• Injuries, amenorrhea and osteoporosis in active females

      Myszkewycz, Lynn; Koutedakis, Yiannis (J Michael Ryan, 1998)
      Menstrual abnormalities, and the associated osteoporotic disorders, are becoming increasingly common in females who are engaged in heavy training and exercise schedules. Such conditions may lead to a significant decrease in vertebral bone density, and an increase in injuries to the hip, ankle, foot, and wrist. In general, fracture frequency increases as bone mineral density decreases. Many researchers have linked various factors, including nutrition, low body weight, low caloric intake, hormonal status, and psychological and physiological stress, to the cause of amenorrhea. However, controversy still exists about the actual etiology of the disorder, although it is most probably multifactorial. Whatever the actual etiology, the frequency of bone-related injuries has increased dramatically over the last few decades along with the increased popularity of dance and sports and the increased demands placed upon both female dancers and athletes.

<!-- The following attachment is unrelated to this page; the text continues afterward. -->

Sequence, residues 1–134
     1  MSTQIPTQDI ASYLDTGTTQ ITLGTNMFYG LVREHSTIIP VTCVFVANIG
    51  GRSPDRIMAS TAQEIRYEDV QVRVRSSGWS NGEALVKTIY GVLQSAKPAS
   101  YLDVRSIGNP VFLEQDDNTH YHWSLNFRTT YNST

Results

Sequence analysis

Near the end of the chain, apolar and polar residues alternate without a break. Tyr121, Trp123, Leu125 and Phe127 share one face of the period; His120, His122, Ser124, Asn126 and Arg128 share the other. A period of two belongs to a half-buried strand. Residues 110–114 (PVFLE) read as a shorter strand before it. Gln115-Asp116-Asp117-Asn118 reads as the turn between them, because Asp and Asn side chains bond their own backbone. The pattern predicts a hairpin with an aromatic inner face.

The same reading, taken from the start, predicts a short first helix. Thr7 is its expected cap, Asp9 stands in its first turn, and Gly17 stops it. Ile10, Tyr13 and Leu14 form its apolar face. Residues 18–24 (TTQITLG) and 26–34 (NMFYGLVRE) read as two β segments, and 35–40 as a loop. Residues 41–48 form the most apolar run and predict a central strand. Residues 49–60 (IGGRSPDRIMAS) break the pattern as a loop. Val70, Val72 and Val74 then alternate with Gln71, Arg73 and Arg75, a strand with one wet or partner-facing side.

• Warm-up. A brief review

      Volianitis, Stefanos; Koutedakis, Yiannis; Carson, Ray J. (J Michael Ryan, 2001)
      This review critically examines the literature on warm-up in relation to various physical-fitness components in dance. Due to the scarcity of published scientific work specifically focussed on dance, relevant reports from other physical activities have also been included. Prior to the main components of dance class or performance, dancers normally engage in a preliminary activity known as warmup, which is aimed at enhancing performance and preventing injury. The general consensus is that warm-up is associated with positive effects on aerobic and anaerobic fitness parameters as well as on flexibility, muscular strength,and power. Individuals suffering from exercise-induced asthma may also benefit from warm-up. The main gain arising from warm-up seems to be related to temperature increases. However, there seems to be no agreement among scientists on the proper intensity, type, or duration of warm-up. Further research, performed with elite performers, may provide more insights on the dose-response relationship.